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Rehabil Psychol. 2010 May;55(2):151-8. doi: 10.1037/a0019518.

Protective and exacerbating factors in children and adolescents with fibromyalgia.

Author information

  • 1Department of Psychology, Fordham University, USA. christopherlibby@gmail.com

Abstract

OBJECTIVE:

To investigate protective and exacerbating factors in the adjustment of youth with juvenile primary fibromyalgia syndrome (JPFS), we examined the relationship of stress, coping strategies, social support, and self-efficacy to quality of life, pain, and depression.

METHOD:

Participants were 57 youths (ages 10 to 18 years) and their parents from rheumatology clinics at 2 children's hospitals. The youths self-reported daily hassles, coping strategies, social support, self-efficacy, quality of life, pain, and depression. Parents reported on the youths' major life events and quality of life.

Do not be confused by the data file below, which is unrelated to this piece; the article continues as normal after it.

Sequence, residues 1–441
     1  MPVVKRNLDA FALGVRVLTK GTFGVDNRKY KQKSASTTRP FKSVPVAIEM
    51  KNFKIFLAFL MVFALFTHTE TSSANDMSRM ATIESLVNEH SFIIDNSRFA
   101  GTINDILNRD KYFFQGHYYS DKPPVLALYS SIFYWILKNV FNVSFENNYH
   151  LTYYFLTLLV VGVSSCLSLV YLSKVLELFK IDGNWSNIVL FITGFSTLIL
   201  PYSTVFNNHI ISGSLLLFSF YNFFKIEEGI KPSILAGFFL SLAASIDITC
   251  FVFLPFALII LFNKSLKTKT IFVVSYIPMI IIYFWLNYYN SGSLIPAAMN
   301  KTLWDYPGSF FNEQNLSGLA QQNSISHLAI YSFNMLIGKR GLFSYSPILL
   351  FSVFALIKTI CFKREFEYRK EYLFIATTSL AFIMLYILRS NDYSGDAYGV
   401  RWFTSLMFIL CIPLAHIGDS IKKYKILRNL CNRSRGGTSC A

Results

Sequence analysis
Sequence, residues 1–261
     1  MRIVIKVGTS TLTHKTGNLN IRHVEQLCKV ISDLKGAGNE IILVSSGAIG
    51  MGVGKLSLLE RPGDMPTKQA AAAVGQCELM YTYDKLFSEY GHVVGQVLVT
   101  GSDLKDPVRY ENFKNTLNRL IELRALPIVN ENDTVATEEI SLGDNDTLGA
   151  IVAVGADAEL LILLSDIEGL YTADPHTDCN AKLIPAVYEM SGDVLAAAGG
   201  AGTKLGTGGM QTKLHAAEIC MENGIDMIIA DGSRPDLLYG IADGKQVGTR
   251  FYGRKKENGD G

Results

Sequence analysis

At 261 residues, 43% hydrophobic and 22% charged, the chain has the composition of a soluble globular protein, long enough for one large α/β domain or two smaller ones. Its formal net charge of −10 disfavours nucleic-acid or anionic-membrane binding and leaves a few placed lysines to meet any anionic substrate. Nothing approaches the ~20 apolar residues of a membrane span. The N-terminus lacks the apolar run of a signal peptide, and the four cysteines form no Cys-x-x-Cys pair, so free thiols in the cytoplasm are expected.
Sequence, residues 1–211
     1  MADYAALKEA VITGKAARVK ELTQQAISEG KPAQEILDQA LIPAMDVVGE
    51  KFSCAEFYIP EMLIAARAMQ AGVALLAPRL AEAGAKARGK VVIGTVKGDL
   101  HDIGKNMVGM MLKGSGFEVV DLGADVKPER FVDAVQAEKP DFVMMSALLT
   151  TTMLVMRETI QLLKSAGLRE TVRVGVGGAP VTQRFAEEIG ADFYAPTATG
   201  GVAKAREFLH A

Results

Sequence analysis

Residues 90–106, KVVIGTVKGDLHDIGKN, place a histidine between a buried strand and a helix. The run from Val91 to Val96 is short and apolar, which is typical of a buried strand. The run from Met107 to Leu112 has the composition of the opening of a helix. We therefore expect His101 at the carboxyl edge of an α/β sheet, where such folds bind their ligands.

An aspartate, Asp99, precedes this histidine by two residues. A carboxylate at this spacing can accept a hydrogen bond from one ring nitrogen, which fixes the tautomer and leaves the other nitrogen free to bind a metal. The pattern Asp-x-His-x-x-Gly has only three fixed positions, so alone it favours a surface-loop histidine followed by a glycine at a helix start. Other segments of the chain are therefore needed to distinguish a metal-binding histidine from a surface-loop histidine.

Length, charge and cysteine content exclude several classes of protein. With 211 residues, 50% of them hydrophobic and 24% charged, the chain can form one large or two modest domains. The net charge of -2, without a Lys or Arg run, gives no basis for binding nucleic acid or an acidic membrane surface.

RESULTS:

In regression analyses, daily hassles, catastrophizing (a coping strategies scale), and self-efficacy predicted child-rated quality of life; self-efficacy predicted pain; and daily hassles predicted depression. Self-efficacy and familial social support moderated the relationship between daily hassles and depression.

CONCLUSIONS:

Daily hassles may be associated with health outcomes for youth with JPFS more than major life events are, and catastrophic thinking and self-efficacy beliefs could be appropriate intervention targets.

PMID:
20496969
[PubMed - indexed for MEDLINE]
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